In the Current XY box, the map is currently projected to the New Zealand Transverse Mercator system. By default, ArcGIS Pro uses the coordinate system of the first operational layer (nonbasemap layer) added to the map; however, you can change this.

  3. In the list of XY Coordinate Systems Available, under Layers, expand WGS 1984 Web Mercator Auxiliary Sphere. If necessary, also expand NZGD 2000 New Zealand Transverse Mercator.

    Coordinate systems used by layers in the map

    Tip:

    Resize the Map Properties dialog box by dragging its sides or corners.

    Two layers in the map—the basemap and its reference layer of place names—are in the Web Mercator coordinate system. Three layers—those you added and processed yourself—are in the New Zealand Transverse Mercator system. When map layers are in different coordinate systems, ArcGIS Pro projects them on the fly, as needed, to the same system.

    Your eventual goal, which you'll accomplish in the Share a web map tutorial, is to share your map to ArcGIS Online, which uses the Web Mercator coordinate system as its standard.

  4. Under XY Coordinate Systems Available, click WGS 1984 Web Mercator Auxiliary Sphere to select it if necessary. (It may have been selected when you expanded the heading.)

    The Current XY box updates to reflect the selected coordinate system. This is the system to which the Trails, Trails Near Mangroves, and Mangrove layers will now be projected on the fly. (Previously, the World Imagery and World Boundaries and Places layers were projected on the fly to the New Zealand Transverse Mercator system.)

  5. At the bottom of the dialog box, check the Enable wrapping around the date line box.

    Map Properties dialog box with Web Mercator as the Current XY system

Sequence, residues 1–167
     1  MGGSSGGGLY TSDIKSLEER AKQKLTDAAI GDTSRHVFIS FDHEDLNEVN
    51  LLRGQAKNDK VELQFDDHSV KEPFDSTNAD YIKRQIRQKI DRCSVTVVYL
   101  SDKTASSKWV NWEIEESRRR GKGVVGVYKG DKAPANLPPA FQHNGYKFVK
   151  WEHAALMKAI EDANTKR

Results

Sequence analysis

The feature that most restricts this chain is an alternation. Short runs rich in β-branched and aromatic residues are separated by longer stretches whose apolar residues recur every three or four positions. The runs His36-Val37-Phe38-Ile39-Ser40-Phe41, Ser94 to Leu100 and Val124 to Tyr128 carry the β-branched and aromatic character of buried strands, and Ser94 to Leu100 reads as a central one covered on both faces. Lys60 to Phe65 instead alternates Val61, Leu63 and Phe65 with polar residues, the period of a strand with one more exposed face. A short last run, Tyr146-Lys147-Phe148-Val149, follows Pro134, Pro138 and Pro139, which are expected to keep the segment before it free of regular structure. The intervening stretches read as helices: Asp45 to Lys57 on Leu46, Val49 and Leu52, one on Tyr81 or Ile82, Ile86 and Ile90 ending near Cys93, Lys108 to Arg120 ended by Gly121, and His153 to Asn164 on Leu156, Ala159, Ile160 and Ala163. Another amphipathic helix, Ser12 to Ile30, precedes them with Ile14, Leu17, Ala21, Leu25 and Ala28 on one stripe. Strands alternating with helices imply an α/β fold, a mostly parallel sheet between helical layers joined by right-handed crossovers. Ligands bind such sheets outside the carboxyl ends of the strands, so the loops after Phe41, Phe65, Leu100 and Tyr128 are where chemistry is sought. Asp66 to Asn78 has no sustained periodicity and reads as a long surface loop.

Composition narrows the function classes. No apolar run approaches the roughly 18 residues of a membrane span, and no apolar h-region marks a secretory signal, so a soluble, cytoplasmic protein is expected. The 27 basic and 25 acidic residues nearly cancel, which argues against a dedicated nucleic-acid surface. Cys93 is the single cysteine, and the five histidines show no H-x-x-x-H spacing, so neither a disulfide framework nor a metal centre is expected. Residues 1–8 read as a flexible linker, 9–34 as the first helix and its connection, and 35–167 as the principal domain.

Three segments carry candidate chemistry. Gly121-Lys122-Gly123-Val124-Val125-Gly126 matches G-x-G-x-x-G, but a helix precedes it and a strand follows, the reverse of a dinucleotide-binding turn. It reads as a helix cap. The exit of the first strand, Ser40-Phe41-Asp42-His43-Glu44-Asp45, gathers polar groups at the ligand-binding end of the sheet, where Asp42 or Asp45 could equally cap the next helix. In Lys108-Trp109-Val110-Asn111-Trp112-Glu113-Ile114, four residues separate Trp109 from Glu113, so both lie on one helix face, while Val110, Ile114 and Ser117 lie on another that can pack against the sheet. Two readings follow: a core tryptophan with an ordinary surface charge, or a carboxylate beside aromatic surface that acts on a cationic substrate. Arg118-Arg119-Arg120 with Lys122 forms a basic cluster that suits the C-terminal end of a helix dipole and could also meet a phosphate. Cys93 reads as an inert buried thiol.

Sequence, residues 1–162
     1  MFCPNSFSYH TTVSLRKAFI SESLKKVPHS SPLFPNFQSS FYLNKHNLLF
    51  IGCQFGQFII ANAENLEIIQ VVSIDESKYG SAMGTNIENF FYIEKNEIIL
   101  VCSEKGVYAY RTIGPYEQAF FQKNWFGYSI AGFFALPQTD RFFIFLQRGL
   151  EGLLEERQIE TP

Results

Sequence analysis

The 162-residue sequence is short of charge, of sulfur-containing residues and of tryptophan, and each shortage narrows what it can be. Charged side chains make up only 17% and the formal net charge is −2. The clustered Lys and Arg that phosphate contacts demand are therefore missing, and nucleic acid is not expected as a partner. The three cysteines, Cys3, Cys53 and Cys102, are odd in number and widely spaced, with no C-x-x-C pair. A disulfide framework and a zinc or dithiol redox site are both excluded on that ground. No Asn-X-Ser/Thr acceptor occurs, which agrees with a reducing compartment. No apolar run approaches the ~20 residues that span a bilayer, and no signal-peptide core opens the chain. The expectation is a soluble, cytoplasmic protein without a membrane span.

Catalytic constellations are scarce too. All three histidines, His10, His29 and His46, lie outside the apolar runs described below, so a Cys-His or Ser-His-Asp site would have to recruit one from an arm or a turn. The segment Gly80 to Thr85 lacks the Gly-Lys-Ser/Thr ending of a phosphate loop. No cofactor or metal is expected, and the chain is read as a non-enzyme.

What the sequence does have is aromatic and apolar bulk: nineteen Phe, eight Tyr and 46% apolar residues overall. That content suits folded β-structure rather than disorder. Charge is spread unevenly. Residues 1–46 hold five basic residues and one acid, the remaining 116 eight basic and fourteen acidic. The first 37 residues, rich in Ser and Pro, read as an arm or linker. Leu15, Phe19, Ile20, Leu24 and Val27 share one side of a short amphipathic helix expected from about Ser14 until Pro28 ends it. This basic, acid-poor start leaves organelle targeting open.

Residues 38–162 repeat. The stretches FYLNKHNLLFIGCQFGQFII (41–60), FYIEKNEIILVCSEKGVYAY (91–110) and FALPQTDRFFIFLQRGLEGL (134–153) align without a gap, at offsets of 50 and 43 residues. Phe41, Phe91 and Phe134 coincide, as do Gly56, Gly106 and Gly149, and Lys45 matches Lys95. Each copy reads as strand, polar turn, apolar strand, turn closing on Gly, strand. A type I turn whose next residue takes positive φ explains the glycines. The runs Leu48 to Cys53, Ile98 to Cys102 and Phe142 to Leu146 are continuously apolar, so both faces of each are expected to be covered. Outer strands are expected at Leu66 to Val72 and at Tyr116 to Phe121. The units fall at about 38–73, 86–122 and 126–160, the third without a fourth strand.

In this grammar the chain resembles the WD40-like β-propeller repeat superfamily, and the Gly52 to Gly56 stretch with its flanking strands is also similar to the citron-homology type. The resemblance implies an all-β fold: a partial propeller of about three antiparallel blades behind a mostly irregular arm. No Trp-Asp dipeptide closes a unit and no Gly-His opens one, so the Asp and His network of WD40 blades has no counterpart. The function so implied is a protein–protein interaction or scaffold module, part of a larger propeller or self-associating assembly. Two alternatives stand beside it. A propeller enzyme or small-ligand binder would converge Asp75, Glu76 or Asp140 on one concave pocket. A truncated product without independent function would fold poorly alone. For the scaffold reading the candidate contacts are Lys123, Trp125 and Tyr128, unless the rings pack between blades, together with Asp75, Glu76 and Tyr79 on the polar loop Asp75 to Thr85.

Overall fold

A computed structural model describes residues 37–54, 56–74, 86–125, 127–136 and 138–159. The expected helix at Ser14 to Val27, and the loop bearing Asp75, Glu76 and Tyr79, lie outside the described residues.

This option is helpful because the Web Mercator projection ends at the international date line, just east of New Zealand.

    You'll also limit the full extent of the map to the area of interest.

  6. In the list of tabs on the left, click Extent.
  7. Click the option to Use a custom extent. Under Extent of a layer, hover over Trails and click the All features button Select All.
    Extent in the Map Properties dialog box

    The Selected extent boxes on the right update to reflect your selection.

  8. Click OK.
  9. On the Map tab, in the Navigate group, click the Full Extent button Full Extent.

    Map full extent

    The map zooms to the North Island of New Zealand. This is the new full extent of your map.

    The date line wrapping and extent settings you made are useful for map navigation in ArcGIS Pro. When you share the map to ArcGIS Online, the date line setting is irrelevant because continuous map scrolling is enabled by default. Your custom full extent setting will be disregarded.

  10. Save the project.

Change symbology

The mangrove features are hard to see because of their size. In addition, the symbols assigned to your map layers are random and may not be satisfactory. You'll change the symbology for all three map layers.

  1. In the Contents pane, right-click the Mangroves layer and click Symbology Symbology.

    The Symbology pane appears and displays symbology properties for the Mangroves layer.

  2. In the Symbology pane, next to Symbol, click the symbol patch.

    The pane changes to show symbol formatting options.

  3. At the top of the pane, click the Properties tab.
  4. Under Appearance, set Color to No color. Set Outline color to a light orange such as Mango and set Outline width to 2 pt. Click Apply.